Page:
People ‘impersonating RSPCA officers to gain access to dogs’

Charity suspects the incidents are connected with a surge in pet thefts during the pandemic.

THE RSPCA has issued a warning to dog owners in England and Wales following reports of people impersonating the charity’s officers to gain access to dogs.

“We’re concerned that people may have been posing as RSPCA inspectors in order to snatch people’s pets, and that’s extremely worrying,” said deputy chief inspector Julie Fadden.

The charity understands there has been a surge in pet thefts over the past year because the value of many breeds has soared due to rising demand during lockdown.

The RSPCA is advising dog owners to be extra cautious

Incidents have been reported via email and social media to different centres in London, Wales and Yorkshire. This has made it difficult to assemble detailed information, says Chris O’Brien, RSPCA Cymru public affairs and media manager.

In a typical incident someone impersonating an RSCPA officer would knock on a door or approach dog-walkers, suggesting that the dog is subject to a report of theft and that they need to take it away to scan the microchip or investigate further.

“Our staff can only access your property if you give them permission and can only see your pets with your approval,” emphasises Ms Fadden.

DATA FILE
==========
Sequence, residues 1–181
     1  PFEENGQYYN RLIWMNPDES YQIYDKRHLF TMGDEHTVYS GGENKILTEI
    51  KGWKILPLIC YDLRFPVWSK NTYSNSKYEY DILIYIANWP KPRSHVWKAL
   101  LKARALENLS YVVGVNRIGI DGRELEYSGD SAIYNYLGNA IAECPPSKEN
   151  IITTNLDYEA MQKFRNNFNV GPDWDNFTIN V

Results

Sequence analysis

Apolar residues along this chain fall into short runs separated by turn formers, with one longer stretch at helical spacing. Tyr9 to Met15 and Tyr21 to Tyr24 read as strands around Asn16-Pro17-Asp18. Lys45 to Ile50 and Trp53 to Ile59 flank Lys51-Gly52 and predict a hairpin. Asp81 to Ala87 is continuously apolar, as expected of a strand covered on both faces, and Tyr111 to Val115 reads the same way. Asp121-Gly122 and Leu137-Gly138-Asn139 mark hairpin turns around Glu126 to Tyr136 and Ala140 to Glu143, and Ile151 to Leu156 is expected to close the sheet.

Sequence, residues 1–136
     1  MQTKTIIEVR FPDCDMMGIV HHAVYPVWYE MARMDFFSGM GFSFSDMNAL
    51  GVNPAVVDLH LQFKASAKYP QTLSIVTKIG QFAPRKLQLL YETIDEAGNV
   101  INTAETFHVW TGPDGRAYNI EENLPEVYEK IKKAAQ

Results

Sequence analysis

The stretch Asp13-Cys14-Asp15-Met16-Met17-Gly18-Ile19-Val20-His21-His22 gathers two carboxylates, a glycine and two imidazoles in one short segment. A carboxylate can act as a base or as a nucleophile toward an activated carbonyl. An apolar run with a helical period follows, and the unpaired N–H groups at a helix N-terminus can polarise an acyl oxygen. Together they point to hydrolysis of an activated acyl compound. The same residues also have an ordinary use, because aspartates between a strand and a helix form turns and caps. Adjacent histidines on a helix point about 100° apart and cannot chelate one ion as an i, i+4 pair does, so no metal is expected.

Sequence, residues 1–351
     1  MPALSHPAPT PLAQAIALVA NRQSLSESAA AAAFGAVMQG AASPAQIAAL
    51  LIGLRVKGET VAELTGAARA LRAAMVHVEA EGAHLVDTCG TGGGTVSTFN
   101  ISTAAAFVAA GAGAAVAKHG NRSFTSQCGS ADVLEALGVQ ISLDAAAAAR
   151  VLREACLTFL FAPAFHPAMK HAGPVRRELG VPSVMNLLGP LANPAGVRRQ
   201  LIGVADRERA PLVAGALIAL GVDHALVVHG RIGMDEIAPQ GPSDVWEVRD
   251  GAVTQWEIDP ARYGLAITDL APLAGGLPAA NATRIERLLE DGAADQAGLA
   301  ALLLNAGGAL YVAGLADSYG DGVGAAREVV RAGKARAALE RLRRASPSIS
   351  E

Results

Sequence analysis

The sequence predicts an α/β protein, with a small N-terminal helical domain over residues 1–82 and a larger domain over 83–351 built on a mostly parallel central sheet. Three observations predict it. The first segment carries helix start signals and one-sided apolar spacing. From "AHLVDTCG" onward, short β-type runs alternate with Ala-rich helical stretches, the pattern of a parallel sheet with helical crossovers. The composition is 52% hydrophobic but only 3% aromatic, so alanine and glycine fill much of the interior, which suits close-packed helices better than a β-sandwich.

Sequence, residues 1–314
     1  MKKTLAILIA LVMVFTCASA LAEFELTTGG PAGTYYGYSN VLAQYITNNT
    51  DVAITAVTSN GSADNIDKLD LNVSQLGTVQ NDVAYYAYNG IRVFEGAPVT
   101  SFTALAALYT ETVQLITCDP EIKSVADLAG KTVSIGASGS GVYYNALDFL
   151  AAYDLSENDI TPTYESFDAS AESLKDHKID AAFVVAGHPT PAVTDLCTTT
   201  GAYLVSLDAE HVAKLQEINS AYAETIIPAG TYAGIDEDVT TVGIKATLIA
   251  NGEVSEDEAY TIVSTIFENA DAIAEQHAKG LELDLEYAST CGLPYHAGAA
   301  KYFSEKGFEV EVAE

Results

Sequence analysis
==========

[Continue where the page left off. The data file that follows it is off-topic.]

The charity says dog owners should be cautious and always check the identity of officers by asking to see their RSPCA ID cards and uniforms for branding.

“If you are at all concerned that someone isn’t who they say they are then you do not need to grant them access and you can call our hotline on 0300 1234 999 to check their credentials,” adds Ms Fadden.

If anyone suspects an individual has been impersonating an RSPCA officer, they should report the incident to the charity and the local police.

Extra precautions dog owners can take:

  • Think about neutering your dog to protect him/her from thieves  
  • Ensure it is microchipped with up-to-date contact details registered
  • Ensure it wears a collar with an ID tag or embroidered contact details
  • Never leave it tied up outside shops or alone in cars
  • Ensure it has a good recall
  • Ensure it doesn’t stray too far when being walked off-lead
  • Ensure gardens are secure with locked gates